"It's a gain for you, monks, a great gain, that you've gained the opportunity to live the holy life. I have seen a hell named 'Six Spheres of Contact.' Whatever form one sees there with the eye is undesirable, never desirable; displeasing, never pleasing; disagreeable, never agreeable. Whatever sound one hears there with the ear... Whatever aroma one smells there with the nose... Whatever flavor one tastes there with the tongue... Whatever tactile sensation one touches there with the body... Whatever idea one cognizes there with the intellect is undesirable, never desirable; displeasing, never pleasing; disagreeable, never agreeable.

    "It's a gain for you, monks, a great gain, that you've gained the opportunity to live the holy life. I have seen a heaven named 'Six Spheres of Contact.' Whatever form one sees there with the eye is desirable, never undesirable; pleasing, never displeasing; agreeable, never disagreeable. Whatever sound one hears there with the ear... Whatever aroma one smells there with the nose... Whatever flavor one tastes there with the tongue... Whatever tactile sensation one touches there with the body... Whatever idea one cognizes there with the intellect is desirable, never undesirable; pleasing, never displeasing; agreeable, never disagreeable.

    https://www.accesstoinsight.org/tipi....135.than.html

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    Forums Member mjaviem's Avatar
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    So the other world that virtuous recluses and brahmins declare is not this world but a world closer to nibbāna from where a person doesn't ever return and only reachable by destroying the five lower fetters...

    ...
    (3) “And what is the person who is inwardly firm? Here, with the utter destruction of the five lower fetters, some person is of spontaneous birth, due to attain final nibbāna there without ever returning from that world. This is called the person who is inwardly firm.
    ...
    AN 4.5 Along with the stream (B. Bodhi)
    Last edited by Element; 06 Nov 21 at 04:36.

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    Quote Originally Posted by mjaviem View Post
    So the other world that virtuous recluses and brahmins declare is not this world but a world closer to nibbāna from where a person doesn't ever return and only reachable by destroying the five lower fetters...


    AN 4.5 Along with the stream (B. Bodhi)
    Tenacious . The above appears actually a very logical conclusion, based on the terminology used.

    However, I wrote in my Rebirth Booklet I have doubts about this teaching because: (i) this teaching is for laypeople (e.g. MN 60, AN 10.176, AN 10.211, etc); and (ii) it appears vague what "spontaneous birth" would mean to laypeople.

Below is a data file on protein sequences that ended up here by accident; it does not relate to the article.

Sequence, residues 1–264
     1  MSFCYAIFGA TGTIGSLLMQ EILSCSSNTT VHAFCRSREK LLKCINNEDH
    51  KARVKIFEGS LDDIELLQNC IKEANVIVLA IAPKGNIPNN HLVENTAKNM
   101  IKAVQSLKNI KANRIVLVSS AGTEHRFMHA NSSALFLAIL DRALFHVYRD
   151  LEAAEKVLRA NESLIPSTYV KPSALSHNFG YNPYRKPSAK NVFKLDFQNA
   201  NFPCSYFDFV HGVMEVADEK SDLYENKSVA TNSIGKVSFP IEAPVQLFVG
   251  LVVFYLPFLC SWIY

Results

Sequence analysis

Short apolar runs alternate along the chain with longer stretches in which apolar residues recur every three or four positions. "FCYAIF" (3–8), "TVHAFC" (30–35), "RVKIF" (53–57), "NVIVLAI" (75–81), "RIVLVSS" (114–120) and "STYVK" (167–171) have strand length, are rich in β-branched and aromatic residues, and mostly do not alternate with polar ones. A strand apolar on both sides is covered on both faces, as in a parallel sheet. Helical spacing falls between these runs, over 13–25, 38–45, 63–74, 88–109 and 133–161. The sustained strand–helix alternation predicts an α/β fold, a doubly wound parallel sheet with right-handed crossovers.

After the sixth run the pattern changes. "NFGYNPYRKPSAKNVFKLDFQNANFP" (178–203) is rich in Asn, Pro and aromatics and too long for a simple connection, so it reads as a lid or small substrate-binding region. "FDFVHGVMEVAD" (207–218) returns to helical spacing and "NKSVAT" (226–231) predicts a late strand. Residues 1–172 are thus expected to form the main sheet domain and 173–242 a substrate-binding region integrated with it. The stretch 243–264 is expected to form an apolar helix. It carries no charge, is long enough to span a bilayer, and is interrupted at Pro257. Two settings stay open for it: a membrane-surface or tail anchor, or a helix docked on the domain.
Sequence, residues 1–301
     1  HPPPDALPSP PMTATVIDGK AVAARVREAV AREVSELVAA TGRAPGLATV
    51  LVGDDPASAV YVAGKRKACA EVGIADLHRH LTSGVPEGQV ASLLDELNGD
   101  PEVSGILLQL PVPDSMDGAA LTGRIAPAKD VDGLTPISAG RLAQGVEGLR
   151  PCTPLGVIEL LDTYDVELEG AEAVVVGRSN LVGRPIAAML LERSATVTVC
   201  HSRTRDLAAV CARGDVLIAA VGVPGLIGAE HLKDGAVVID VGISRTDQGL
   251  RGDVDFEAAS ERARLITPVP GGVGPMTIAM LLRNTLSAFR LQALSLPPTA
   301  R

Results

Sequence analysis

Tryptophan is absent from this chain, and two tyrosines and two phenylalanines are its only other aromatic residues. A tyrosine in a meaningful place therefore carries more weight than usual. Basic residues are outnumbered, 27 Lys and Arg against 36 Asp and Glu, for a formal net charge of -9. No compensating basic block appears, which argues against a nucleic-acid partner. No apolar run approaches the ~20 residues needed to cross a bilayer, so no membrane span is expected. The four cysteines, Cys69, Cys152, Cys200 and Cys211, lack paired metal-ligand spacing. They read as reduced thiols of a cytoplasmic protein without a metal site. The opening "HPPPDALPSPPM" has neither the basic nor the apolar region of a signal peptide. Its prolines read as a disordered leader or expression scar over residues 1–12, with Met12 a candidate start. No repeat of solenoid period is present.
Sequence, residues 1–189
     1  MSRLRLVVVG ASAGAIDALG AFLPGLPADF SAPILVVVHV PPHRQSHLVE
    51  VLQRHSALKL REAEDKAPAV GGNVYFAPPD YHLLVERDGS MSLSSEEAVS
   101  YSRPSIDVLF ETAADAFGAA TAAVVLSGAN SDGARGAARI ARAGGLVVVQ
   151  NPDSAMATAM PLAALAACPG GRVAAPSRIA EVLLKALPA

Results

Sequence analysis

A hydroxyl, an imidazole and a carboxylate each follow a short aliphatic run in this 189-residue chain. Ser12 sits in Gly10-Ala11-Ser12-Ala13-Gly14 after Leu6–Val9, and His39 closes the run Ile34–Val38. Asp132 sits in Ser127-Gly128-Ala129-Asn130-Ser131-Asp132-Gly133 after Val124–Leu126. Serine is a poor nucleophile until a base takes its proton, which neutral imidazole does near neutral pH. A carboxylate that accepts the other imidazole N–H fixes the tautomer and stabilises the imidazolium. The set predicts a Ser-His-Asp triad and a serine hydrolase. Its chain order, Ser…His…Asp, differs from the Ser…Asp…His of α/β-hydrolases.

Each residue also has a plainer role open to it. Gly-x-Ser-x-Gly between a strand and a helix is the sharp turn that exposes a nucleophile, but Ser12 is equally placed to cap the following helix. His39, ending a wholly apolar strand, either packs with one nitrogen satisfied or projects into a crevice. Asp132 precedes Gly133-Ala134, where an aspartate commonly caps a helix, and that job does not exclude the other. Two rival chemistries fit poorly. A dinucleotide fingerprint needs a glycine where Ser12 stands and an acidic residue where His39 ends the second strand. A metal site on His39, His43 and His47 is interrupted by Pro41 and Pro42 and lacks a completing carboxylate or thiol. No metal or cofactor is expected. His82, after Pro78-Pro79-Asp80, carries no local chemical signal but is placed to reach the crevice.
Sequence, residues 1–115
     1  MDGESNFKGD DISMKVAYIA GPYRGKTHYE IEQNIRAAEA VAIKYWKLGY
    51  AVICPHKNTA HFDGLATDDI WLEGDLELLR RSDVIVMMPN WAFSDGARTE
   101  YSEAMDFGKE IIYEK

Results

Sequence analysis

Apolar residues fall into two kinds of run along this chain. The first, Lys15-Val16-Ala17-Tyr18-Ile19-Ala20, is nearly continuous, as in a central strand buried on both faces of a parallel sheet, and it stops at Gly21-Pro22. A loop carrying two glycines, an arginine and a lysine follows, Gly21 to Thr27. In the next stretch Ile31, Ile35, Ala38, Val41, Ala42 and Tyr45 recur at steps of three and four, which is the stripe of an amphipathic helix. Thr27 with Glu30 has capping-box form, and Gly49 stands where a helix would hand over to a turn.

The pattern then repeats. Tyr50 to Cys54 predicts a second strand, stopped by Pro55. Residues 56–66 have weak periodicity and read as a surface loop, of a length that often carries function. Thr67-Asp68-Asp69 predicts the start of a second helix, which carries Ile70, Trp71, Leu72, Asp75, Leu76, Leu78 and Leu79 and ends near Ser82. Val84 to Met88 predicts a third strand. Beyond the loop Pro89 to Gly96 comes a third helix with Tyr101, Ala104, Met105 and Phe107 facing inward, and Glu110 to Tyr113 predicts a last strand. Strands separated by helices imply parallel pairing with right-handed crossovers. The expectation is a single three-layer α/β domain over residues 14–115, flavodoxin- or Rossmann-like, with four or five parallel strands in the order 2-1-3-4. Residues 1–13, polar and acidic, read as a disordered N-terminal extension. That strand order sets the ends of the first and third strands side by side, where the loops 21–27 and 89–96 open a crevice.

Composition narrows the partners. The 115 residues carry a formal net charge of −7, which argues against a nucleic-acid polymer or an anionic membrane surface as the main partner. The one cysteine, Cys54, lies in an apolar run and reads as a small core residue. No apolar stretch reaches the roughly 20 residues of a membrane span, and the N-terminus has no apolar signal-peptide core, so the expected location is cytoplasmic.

It is correct what you said that "spontaneous birth" applies to non-returners. However, while never clearly explained, "spontaneous birth" is not exclusively used like this in the suttas (example, "spontaneous generation" in MN 12).


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    Forums Member mjaviem's Avatar
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    Quote Originally Posted by Element View Post
    Tenacious . The above appears actually a very logical conclusion, based on the terminology used.

    However, I wrote in my Rebirth Booklet I have doubts about this teaching because: (i) this teaching is for laypeople (e.g. MN 60, AN 10.176, AN 10.211, etc); and (ii) it appears vague what "spontaneous birth" would mean to laypeople.

    It is correct what you said that "spontaneous birth" applies to non-returners. However, while never clearly explained, "spontaneous birth" is not exclusively used like this in the suttas (example, "spontaneous generation" in MN 12).

    Yep, tenacious but notice how I desisted in thinking the other world might refer to nibbana and started thinking is the destination where Noble ones are found. You said the other world in the suttas are heavenly and hellish worlds. Now I think in MN 117 it's not nibbana, which is not a world, but it's not a hell either.. I think part of right view for worldlings according to MN 117 is to know there is that heavenly world where those free from the lower fetters are.

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    Global Moderator Element's Avatar
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    Quote Originally Posted by mjaviem View Post
    I think part of right view for worldlings according to MN 117 is to know there is that heavenly world where those free from the lower fetters are.
    The Brahmanism during & prior to the Buddha's time refer to the human world and the world of the gods/heaven, here.